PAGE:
Tuesday, November 27, 2007

Philosophers on Facebook

Late last summer, between finishing my summer courses and gearing up for the fall, I set up a Facebook page. Facebook is a social networking site that a lot of college students use. I tend to initially resist technology such as this, and then use it after my resistance is overcome by my curiosity. Facebook ended up being a good way to connect with old friends, but it also was a way to communicate with students, and I thought this would be a good thing. However, last week, I deleted my account.

One benefit I found with respect to my role as a teacher was that those students who were interested were able to get to know me a little bit better (my interests, what I'm reading and writing, and so on). I think this was good because it opened up some common ground between us, and this was part of my motivation. I was even able to engage in some philosophical discussions with students. On the negative side, Facebook is a time sink, and I found myself wasting precious time messing around with the various applications available on the site. Also, while I enjoyed the ability to connect with students in a way that was fun for them, being on Facebook had some negative consequences. Some seemed to think we were "real life" friends, rather than just "Facebook friends". Also, there was access to parts of my student's lives that I'd really rather not have access to! In the end, I'd rather communicate with students and friends face to face, when possible, rather than on Facebook.

I'd be interested to hear others experiences on Facebook or Myspace, both positive and negative.


  1. It seems to me that these kinds of sites are, for more many people, loneliness inducing. People use them to try to connect, but they wind up engaging in the kinds of interactions that don't foster some genuine, uplifting relationships. For most people, good relationships can typically be only gotten in "real life" (if you're lucky) not on the internet. Avoid the internet, I say!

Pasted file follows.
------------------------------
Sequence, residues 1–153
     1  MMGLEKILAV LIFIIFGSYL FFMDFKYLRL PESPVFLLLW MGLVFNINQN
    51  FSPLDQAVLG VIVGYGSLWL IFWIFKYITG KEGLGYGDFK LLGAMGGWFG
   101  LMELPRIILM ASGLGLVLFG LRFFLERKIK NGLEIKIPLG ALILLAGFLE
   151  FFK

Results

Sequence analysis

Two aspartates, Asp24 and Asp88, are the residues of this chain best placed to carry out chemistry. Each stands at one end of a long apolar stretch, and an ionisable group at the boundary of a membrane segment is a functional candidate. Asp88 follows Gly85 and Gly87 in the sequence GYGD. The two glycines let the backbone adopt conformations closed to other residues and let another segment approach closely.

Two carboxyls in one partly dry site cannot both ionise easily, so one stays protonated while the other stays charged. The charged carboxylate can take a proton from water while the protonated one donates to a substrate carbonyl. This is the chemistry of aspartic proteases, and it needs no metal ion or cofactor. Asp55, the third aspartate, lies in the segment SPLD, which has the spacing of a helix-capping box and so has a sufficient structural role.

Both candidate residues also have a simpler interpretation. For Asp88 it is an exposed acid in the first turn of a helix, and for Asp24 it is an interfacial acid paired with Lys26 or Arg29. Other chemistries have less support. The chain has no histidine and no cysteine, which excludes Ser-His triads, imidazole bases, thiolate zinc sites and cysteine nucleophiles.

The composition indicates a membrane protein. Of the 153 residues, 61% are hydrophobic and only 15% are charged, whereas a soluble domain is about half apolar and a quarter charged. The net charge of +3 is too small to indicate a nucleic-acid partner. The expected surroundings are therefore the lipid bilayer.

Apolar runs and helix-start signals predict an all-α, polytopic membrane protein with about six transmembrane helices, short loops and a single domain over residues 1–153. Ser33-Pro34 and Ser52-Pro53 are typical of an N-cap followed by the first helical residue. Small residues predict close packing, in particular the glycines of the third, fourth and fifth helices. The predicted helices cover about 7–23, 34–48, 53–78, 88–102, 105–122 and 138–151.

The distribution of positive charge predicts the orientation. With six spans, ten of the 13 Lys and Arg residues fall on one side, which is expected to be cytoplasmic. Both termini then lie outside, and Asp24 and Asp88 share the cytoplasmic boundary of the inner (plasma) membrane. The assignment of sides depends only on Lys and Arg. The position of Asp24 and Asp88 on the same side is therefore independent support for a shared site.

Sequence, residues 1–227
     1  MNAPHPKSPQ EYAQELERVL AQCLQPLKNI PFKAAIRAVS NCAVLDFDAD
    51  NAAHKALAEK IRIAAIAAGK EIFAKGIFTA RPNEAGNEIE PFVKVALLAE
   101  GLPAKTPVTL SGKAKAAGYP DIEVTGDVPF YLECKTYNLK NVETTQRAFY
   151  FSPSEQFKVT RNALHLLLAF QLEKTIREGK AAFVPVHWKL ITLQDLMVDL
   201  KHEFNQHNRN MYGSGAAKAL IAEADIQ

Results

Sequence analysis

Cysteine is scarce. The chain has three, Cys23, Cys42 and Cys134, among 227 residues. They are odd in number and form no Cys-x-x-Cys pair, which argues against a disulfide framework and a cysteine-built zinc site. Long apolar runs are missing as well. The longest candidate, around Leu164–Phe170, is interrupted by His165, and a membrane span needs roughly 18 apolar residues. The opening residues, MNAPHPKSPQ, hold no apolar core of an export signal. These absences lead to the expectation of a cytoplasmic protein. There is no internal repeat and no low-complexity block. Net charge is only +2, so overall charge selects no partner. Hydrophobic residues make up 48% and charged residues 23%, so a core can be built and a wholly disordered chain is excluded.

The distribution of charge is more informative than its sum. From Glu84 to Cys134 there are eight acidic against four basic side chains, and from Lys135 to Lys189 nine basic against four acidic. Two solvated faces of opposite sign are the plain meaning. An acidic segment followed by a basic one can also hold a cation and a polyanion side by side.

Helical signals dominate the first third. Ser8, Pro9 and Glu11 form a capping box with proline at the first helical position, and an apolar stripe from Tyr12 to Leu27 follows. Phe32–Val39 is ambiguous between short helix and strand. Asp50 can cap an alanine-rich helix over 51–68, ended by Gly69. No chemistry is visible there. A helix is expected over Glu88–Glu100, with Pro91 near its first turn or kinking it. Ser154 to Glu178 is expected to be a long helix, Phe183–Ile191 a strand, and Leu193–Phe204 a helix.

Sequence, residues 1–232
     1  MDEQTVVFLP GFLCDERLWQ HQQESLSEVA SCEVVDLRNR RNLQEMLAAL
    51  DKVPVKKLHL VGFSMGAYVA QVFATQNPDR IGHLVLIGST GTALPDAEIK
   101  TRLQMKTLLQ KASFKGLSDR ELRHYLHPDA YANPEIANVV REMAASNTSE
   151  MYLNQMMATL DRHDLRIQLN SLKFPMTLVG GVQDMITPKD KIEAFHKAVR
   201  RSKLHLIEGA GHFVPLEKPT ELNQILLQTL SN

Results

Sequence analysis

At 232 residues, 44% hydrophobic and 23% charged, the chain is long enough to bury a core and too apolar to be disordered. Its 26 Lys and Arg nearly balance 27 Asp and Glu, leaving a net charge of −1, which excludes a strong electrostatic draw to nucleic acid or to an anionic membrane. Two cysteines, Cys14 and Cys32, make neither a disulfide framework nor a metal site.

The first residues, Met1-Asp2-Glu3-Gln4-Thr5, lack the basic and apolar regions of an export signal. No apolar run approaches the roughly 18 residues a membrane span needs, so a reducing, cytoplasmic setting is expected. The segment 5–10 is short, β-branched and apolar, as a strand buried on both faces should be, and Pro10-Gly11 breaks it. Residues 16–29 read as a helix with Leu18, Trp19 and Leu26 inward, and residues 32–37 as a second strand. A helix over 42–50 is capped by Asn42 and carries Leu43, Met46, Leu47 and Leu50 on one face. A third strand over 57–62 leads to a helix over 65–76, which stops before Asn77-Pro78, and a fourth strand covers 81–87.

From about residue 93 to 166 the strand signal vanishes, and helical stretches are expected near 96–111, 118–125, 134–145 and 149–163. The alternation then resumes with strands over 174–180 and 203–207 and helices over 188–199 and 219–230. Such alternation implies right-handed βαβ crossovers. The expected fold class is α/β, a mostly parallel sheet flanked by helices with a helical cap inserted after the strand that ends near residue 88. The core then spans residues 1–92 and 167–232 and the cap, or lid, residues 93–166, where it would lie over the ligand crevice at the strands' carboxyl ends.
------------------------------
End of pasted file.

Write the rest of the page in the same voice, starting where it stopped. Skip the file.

2. I think Facebook as you say works well for catching up and keeping up with old friends. In its present form though I wouldn't use it to keep in contact with students. The main reason as you noted is that there is too much detail and information that you get about the people you are "friends" with and vice versa. This can of course be moderated you can set differing levels of access for different people, but this is not a smooth or easy process. It would be fantastic (and an obvious move if you are listening Facebook developers) to allow you to create groups among your "friends" and control both the level of access and the reporting you get in that way. Having a status indicator for each group would be useful. If facebook went down that route I might experiment with it academically, right now it is just a great way of keeping in touch with friends, finding old ones, tying some web apps together and... wasting time.

  3. Our campus uses a free open source course management system called moodle - it's like a facebook for courses. I like it a lot and so far it has fostered our-of-classroom community interaction. Here is the website: http://moodle.org/

  4. I tried befriending people like Ted Sider and Ned Block, but they were having none of it. Oh well.


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